Though Beaton started climbing as a youth, he didn’t get serious until his 40s. And, he says, he didn’t become competent until his early 50s. “I gradually became what I had imagined long ago: a real climber,” he writes. And he’s not alone, he adds. “Every year climbers in their 50s and 60s stand atop Mount Everest.”So how did he, from “the over-the-hill crowd,” get up the hill? By studying instruction books, buying the right gear, training and staying fit, being honest and realistic about your abilities, and, most importantly (at least we think so), is finding “your new best friend”–an AMGA-certified guide.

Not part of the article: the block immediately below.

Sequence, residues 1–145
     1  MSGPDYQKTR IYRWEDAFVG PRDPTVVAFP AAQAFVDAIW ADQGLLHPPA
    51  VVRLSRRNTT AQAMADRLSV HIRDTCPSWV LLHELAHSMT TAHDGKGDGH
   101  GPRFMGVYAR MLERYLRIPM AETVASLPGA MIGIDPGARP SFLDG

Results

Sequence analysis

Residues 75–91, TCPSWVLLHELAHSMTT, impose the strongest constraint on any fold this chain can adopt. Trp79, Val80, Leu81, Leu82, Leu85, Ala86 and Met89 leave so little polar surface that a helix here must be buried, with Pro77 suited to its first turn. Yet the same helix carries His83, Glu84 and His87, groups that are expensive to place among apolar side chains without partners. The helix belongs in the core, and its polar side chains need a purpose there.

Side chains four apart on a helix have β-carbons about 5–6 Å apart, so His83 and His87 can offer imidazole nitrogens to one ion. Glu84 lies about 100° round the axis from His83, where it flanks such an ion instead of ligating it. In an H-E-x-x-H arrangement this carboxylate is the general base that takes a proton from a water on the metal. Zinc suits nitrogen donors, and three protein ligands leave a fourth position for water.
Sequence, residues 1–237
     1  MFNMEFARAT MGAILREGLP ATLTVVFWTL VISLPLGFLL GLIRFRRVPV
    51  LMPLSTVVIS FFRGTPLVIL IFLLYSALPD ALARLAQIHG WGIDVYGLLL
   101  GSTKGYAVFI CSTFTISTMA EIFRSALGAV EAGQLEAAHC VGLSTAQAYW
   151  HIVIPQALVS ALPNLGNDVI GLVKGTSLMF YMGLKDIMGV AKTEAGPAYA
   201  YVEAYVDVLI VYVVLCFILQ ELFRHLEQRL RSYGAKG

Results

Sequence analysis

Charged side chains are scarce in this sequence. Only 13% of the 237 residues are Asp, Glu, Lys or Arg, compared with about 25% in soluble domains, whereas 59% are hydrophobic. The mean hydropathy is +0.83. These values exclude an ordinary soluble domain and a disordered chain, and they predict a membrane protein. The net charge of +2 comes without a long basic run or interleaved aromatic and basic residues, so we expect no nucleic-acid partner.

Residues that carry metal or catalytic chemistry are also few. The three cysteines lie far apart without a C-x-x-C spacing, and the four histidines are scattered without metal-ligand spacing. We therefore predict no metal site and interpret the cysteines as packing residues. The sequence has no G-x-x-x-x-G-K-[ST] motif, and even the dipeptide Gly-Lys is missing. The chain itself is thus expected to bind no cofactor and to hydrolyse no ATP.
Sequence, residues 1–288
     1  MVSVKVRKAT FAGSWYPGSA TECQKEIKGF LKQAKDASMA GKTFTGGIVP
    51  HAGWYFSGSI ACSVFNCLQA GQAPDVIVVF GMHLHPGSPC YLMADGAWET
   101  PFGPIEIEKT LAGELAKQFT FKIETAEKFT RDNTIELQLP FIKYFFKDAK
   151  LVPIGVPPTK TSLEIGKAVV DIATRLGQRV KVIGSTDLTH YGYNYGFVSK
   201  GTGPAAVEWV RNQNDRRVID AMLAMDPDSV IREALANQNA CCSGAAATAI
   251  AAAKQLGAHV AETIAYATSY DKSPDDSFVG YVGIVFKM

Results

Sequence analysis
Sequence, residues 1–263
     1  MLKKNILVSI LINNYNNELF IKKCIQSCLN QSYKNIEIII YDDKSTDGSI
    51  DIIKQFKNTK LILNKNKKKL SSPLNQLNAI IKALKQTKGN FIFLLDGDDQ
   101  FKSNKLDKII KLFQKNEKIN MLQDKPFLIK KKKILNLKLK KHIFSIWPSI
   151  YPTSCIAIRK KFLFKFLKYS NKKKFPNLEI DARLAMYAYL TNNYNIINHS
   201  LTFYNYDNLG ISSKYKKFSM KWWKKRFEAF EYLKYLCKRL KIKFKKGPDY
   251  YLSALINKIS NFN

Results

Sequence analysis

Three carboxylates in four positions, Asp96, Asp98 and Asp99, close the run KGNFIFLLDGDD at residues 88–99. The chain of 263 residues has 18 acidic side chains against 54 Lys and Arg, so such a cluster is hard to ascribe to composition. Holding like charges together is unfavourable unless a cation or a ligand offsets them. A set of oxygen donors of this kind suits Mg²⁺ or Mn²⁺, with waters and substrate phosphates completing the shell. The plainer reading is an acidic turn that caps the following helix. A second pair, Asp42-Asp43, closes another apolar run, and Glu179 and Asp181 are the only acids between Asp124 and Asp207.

“The purpose of the guide isn’t so much to show you the way (that’s usually apparent),” he explains. “It is to show you the how. Trial and error isn’t the way to learn climbing; there are no mulligans in this game.” He suggests you form a strong relationship with a good climber who is also a good guide.
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